7 Approaches to Excellent Client Service
By Craig Nowak, PE
No doubt we have all heard, or thrown out, the term client service, which means different things to different people depending on your profession. It’s a “two-way street,” meaning we appreciate receiving good client service—like getting an ice cream cone from a fast and friendly server on a hot summer day. However, in the engineering and technical services world, we focus on providing client service, which can mean other things within your firm or organization and vary widely depending on your position.
At its basic level, good client service means delivering a product or service on time and within budget. However, it’s usually more complicated than that, as there are a variety of approaches to providing good and even exceptional client service.
After a long career in the consulting engineering business with years of observations and experiences, I’ve learned seven approaches and lessons on providing services for your client that actually make a difference.
1. Think of client service from your client’s standpoint. How would you want to be treated if the roles were reversed?
2. Stay in touch with your client even when you don’t have an active project, and don’t hesitate to provide advice when asked. Your client will appreciate and remember this, and you may become their go-to engineer. I can recall several instances where this has paid dividends. One such example was with a client for whom we had completed a few projects, however, they had a change in administration and elected to go with a different engineer. I kept in touch with the client during this time, and they elected to resume a working relationship again with us. We have been working for them since that time.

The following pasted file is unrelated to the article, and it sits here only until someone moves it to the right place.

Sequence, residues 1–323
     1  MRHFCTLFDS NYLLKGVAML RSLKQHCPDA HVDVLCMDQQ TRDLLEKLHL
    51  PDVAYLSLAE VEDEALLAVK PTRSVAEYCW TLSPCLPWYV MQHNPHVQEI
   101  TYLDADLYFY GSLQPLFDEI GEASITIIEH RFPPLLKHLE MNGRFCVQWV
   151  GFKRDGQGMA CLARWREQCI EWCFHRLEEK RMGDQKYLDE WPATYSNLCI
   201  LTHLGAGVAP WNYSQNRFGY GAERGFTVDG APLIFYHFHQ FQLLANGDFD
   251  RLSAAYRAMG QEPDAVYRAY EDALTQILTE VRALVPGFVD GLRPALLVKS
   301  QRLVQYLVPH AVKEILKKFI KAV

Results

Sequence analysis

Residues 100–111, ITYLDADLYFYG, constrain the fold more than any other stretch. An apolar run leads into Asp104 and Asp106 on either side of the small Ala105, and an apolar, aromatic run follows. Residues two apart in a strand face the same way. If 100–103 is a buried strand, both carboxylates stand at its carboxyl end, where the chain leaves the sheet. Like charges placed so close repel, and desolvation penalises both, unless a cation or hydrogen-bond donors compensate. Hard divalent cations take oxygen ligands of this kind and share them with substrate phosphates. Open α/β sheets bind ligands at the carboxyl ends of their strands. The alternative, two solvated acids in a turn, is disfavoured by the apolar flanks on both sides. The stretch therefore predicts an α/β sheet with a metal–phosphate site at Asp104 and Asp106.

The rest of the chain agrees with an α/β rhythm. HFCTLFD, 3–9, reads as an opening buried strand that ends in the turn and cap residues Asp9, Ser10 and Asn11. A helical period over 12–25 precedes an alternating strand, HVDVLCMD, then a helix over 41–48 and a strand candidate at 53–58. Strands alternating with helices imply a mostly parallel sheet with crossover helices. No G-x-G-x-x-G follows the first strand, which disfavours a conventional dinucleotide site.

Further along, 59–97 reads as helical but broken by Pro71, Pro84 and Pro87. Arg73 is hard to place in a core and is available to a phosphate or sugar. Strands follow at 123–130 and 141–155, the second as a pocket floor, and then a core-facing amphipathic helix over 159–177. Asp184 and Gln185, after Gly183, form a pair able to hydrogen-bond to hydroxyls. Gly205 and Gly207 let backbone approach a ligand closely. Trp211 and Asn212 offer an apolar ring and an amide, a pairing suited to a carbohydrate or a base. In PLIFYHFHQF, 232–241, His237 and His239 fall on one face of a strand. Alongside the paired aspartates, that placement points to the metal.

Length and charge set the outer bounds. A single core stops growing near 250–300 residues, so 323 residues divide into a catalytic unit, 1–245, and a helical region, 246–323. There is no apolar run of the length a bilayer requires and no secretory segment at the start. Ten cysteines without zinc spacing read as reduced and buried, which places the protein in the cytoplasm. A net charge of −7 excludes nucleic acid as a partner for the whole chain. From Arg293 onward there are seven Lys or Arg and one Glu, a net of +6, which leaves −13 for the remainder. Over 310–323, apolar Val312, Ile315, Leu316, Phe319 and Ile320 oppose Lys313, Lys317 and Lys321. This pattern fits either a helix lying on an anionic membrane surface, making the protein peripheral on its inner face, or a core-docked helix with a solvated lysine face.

3. Stay in touch with your client even when working with another firm. Otherwise, you may not know if that other firm is meeting the client’s expectations. This situation, too, has paid dividends for me on more than one occasion.
Some clients may rely on you to be proactive, while others prefer to take on this role. Read the room and learn when it is time to advise, time to take action, and time to step back.
4. For public entities, attend their meetings even when you are not seeking something in return. It shows that you are interested in helping them with their engineering needs.
5. Remember that when you are working on a project, it is their project, not yours. You are tasked with providing technical services in the form of analyses, designs, and/or recommendations. However, it is still your client’s project, and they will make the decisions and provide direction. You can easily imply this message and relay it to the client; in other situations, you may need to state it directly. I have made it a point to communicate this when pursuing a project, and in many instances, the prospective client took notice.
6. Especially with a new client, be observant and figure out if/when you need to step in and “drive the bus.” Some clients may rely on you to be proactive, while others prefer to take on this role. Read the room and learn when it is time to advise, time to take action, and time to step back.
7. Keep your client informed, even when there is bad news. While this may lead to uncomfortable conversations, they will only worsen if you let the situation fester until it is too late.
This list can undoubtedly continue, and others may have their examples to add to it. However, the point is that client service isn’t a catchy cliché to be conveniently tossed around. Think about what it means and play it out. Your clients will respect you, your colleagues will respect you, and you will see a return.